Year of the Little Brother?

 Hello once again athletes!!!

This could turn into a long, ranting post, but bear with me. And no, this isn’t about brotherly rivalry in sports, it’s about the “smaller market” teams of Los Angeles and New York. Let’s do this like Nike!

If, let’s say, five years ago, someone would’ve predicted the Los Angeles Lakers and the New York Knicks would become the second-best (pro) basketball team in their respective state, most would be baffled by the perceived foolishness of such a claim. The Lakers were winning with the Kobe Bryant-Pau Gasol duo, so it would’ve been near-impossible to imagine the Clippers being better than the Lakers any time soon (if ever), and at the time, the Knicks were the only NBA team in New York — the Brooklyn Nets were stinking it up in New Jersey.

Five years, a relocation, a Russian billionaire, a few coaching changes, a few (super)stars being dealt (Deron Williams, Dwight Howard, Andrew Bynum, Chris Paul, Kevin Garnett, Paul Pierce, Joe Johnson, Carmelo Anthony), bum knees, bad backs, and a torn Achilles later, that prediction doesn’t seem so egregious.

After years of being the cast-off or “little brother”, the Los Angeles Clippers and the Brooklyn Nets are not only poised for their best season to date, they may be on the verge of doing the unthinkable — overtaking the role of “Best Team in Town.”

The Brooklyn Nets, coming off of a 49-33 campaign, shocked the basketball world by acquiring Paul Pierce, Kevin Garnett, and Jason Terry in a Draft Night Blockbuster deal, all while sending back MarShon Brooks, Gerald Wallace, Keith Bogans, Kris Joseph, and a multitude of first-round picks. Not only that, they re-signed the resurgent Andray Blatche, drafted Mason Plumlee, and added defensive stopper Andrei Kirilenko, Alan Anderson and Shaun Livingston to their bench. Deron Williams, Joe Johnson, Paul Pierce, Kevin Garnett, and Brook Lopez form, arguably, the NBA’s best starting line-up. Everyone is intrigued by new head coach — and former Net — Jason Kidd, but some overlook the fact that Kidd has an all-star assistant cast of sorts, hightlighted by former Nets head coach Lawrence Frank, former coach of the Pistons.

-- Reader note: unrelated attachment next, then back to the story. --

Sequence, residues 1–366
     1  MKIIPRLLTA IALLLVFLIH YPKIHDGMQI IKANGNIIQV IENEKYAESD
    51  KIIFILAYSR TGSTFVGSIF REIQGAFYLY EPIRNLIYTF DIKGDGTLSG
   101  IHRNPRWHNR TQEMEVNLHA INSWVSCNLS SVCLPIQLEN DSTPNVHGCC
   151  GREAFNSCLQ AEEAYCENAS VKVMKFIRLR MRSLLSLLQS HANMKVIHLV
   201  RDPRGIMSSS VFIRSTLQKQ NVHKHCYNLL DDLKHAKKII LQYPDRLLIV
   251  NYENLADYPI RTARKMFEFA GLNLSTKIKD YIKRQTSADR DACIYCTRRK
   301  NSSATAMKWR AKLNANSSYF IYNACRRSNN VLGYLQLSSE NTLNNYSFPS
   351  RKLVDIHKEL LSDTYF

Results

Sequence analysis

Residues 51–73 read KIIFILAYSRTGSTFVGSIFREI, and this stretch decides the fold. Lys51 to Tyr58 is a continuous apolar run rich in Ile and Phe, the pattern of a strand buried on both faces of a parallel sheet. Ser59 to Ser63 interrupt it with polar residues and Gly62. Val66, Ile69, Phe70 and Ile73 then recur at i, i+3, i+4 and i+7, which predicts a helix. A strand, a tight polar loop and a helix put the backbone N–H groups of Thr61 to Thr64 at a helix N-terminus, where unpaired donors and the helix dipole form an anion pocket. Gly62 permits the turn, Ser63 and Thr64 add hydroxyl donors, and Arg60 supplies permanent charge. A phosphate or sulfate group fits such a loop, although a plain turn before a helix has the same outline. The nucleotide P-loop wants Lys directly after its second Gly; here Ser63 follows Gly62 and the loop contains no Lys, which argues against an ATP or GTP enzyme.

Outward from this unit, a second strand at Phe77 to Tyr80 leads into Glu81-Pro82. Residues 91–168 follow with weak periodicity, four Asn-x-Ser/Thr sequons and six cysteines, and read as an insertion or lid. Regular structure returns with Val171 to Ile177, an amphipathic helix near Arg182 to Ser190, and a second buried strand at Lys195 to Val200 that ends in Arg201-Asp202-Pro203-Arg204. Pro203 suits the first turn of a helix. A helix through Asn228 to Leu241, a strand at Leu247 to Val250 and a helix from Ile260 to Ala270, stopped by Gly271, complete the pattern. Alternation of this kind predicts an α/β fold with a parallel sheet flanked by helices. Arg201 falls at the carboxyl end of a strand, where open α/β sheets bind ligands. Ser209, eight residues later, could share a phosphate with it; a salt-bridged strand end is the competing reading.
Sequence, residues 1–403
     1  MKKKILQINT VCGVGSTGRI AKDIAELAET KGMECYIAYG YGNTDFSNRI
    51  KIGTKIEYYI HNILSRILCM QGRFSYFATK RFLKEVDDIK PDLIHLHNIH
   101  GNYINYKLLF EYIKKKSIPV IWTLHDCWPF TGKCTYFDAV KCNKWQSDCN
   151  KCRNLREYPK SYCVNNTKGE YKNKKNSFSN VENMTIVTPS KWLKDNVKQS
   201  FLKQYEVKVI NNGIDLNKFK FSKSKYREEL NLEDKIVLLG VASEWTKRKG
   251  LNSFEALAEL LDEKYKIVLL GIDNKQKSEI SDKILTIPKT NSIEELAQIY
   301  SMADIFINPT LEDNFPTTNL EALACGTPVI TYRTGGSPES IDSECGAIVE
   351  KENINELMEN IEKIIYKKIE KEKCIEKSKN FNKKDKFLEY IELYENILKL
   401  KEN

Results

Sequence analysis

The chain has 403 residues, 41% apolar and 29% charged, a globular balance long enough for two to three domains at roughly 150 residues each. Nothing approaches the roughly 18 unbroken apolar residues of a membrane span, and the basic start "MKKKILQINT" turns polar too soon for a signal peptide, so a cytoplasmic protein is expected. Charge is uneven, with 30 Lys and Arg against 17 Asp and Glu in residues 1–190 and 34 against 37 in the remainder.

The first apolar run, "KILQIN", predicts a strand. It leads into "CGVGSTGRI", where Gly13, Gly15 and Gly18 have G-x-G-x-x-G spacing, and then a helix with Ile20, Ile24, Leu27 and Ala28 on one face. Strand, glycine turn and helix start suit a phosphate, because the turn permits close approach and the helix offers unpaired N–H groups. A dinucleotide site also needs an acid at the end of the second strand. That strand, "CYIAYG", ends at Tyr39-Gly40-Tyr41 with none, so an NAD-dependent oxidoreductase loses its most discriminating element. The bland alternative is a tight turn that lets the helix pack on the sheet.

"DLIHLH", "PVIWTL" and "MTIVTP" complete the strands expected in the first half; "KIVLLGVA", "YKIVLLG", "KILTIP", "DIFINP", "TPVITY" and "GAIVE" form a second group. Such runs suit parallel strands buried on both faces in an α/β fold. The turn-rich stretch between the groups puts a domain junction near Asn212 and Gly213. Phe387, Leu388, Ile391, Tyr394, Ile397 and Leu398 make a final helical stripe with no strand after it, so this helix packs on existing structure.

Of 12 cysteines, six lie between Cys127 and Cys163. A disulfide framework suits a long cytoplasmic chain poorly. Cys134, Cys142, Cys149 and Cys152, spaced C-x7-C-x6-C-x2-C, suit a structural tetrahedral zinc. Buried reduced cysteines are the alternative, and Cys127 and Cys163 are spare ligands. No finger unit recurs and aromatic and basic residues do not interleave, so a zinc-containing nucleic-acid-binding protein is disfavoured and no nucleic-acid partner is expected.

Meanwhile, the New York Knicks are coming off their first 50-win season in over a decade, led by scoring champion Carmelo Anthony, and Sixth Man of the Year JR Smith. However, JR Smith may missed the first month or two of the regular season due to knee surgery. It’s extremely difficult to predict what oft-injured Amar’e Stoudemire will produce, and there’s a lot of intrigue around the acquisition of former No.1 draft pick Andrea Bargnani — a stretch-4 that normally shoots the ball very well (but not much else), but had his struggles last season in Toronto.

After Carmelo Anthony and, perhaps, pudgy-but-productive Raymond Felton, everyone else on the roster is a question mark to some degree. Tyson Chandler had a decent regular season, but was dominated by Roy Hibbert in the second round of last year’s playoffs. Iman Shumpert is in Year Two post-ACL surgery, and while he may be back athletically and defensively, his offensive game is questionable. Can Kenyon Martin stay healthy? How will JR Smith respond to knee surgery and his new financial security?

Although the Knicks are a little bit younger this season than they were in the last one, the supporting cast around Carmelo Anthony, Raymond Felton, and JR Smith is still relatively old, with the exception of Iman Shumpert. Depending on how Smith recovers, there’s no telling how much playing time first-round selection Tim Hardaway Jr. will receive, although undrafted rookie CJ Leslie could fill in Chris Copeland’s shoes.

As of now, it seems as if the Knicks have hit their ceiling — a scary, and disappointing realization as it pertains to the franchise’s title hopes. That isn’t to say that this Knicks team isn’t talented, but it seems that the teams fighting for the “Second Best in the East” claim (Brooklyn, Indiana, Chicago) all got better, while the Knicks either marginally improved, or essentially stayed the same. With that being said, the Knicks are in danger or losing Carmelo Anthony next off-season unless the team performs better than expected.

On the flip-side, the Nets are on the cusp on challenging the Miami Heat as the best team in the East if the chemistry and coaching is there. Miami may have the best player in basketball, but the balance and depth Brooklyn can throw at Miami may be enough to make things interesting if they were to meet in the playoffs. It should be noted, however, that Brooklyn’s key acquisitions (Pierce, Garnett) are very old in basketball-terms, and Brooklyn’s financial obligations (payroll north of $90M) combined with their lack of draft picks going forward have limited their championship window. However, their roster’s talent and depth trump the one in New York.

I hope this made you think before you decide who is the best team in each repective state.

That’s it for now athletes. Remember to check the blog every single day, and read all of the amazing posts by the Reporters.



5 thoughts on “Year of the Little Brother?

  1. aytan2423 says:

    lol same, but some of my reporters are still blogging. Great Post 😉 By the way I think either the worriers or pistons might go to the NBA finals according to my opinion.

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